- An increase in the health budget so that more permanent posts for medical officers can be created. The government medical services are overburdened at present. We need more public hospitals and medical staff. In relation to this, the government should consider setting up a separate healthcare services commission instead of being constrained by the Public Services Commission (SPA).
- More comprehensive planning regarding our personnel needs has to be put in place. These decisions should not be driven by corporate interests, but must be based on evidence and serve the benefits of the healthcare sector and public interest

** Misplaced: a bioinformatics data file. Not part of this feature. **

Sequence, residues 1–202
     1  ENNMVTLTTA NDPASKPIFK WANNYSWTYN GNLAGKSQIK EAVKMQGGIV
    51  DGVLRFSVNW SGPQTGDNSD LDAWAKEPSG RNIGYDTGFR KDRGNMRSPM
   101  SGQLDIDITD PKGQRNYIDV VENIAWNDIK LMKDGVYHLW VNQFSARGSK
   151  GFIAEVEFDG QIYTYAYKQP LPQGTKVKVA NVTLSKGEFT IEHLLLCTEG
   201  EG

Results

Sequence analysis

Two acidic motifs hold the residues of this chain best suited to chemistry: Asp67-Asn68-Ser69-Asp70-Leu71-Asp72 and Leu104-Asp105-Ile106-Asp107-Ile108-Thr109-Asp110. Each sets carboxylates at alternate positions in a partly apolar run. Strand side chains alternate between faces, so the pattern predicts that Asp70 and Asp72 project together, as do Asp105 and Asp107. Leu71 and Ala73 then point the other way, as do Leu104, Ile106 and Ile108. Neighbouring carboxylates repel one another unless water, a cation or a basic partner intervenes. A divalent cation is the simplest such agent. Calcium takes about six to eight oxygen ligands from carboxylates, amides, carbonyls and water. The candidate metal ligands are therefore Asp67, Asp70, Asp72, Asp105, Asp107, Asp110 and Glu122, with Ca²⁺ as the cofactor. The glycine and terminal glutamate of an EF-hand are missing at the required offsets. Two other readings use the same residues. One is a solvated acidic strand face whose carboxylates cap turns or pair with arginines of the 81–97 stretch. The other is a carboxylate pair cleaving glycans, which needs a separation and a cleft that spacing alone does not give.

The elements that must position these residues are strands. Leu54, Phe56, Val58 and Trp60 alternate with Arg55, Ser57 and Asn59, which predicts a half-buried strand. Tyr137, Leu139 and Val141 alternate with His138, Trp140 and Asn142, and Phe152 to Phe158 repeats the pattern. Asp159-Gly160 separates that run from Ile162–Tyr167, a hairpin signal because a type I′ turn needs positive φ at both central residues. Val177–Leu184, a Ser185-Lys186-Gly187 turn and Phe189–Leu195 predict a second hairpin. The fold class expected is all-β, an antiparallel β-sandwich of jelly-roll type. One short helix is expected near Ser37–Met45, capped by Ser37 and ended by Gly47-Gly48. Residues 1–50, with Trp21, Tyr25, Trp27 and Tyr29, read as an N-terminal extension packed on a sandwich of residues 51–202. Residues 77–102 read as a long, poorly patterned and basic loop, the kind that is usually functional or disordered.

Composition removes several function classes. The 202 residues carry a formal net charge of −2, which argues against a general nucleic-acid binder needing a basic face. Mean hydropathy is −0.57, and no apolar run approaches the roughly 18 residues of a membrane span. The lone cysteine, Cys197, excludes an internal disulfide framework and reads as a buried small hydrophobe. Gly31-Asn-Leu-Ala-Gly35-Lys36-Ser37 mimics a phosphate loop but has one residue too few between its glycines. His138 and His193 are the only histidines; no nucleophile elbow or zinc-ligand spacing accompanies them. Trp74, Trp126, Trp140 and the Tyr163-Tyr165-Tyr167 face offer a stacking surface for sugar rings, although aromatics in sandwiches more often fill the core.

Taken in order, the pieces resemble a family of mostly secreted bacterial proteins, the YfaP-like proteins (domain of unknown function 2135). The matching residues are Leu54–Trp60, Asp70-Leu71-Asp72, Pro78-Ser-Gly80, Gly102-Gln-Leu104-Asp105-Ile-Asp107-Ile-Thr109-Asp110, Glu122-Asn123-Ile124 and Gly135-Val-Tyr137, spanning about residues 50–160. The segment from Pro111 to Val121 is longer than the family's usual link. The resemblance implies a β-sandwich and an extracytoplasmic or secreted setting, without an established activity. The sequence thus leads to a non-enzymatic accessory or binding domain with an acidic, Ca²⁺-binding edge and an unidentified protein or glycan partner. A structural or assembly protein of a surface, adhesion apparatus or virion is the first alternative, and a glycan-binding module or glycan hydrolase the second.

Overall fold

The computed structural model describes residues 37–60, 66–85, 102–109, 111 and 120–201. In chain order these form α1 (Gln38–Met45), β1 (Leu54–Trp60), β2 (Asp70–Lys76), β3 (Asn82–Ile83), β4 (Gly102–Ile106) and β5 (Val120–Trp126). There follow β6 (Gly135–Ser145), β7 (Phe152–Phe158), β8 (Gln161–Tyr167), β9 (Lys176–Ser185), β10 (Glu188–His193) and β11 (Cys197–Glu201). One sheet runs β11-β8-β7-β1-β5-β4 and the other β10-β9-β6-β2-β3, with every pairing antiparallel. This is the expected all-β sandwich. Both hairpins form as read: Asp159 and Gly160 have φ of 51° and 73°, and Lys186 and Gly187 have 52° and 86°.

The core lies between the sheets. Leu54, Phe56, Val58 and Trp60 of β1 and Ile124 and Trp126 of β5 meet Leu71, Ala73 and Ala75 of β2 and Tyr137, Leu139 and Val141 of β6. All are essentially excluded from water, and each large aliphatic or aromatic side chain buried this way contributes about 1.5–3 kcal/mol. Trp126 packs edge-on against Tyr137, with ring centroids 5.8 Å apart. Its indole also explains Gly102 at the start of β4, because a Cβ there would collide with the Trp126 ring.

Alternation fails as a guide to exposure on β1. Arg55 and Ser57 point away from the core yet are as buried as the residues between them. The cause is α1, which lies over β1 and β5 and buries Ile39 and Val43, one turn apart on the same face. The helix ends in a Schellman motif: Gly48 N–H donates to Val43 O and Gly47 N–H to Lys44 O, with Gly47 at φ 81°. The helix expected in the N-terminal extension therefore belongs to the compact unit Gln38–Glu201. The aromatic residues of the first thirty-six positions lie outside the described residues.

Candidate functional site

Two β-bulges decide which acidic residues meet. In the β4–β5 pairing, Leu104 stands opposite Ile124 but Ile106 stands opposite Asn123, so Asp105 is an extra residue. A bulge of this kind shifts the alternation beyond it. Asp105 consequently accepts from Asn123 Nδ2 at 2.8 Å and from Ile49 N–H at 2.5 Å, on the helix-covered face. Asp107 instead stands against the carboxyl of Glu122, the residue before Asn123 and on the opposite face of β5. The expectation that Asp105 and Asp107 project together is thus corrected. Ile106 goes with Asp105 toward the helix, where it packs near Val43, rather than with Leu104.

- There should be serious consultation with the medical profession, the affected parties, as well as concerned citizens’ groups on all these issues before final decisions are taken.
The People’s Health Forum calls upon the MoH to have urgent discussions with the young doctors so that industrial action that might disrupt services can be averted, especially in these crucial times when our public sector medical personnel are stretched even more than ever.
The problem is real and it has to be addressed holistically. Attempts to ‘bully’ these young doctors into submission must be resisted. They are not the cause of this problem. Even though this problem has arisen due to the poor governance of a previous administration, the Perikatan Nasional government of the day has to handle it responsibly and fairly. – People’s Health Forum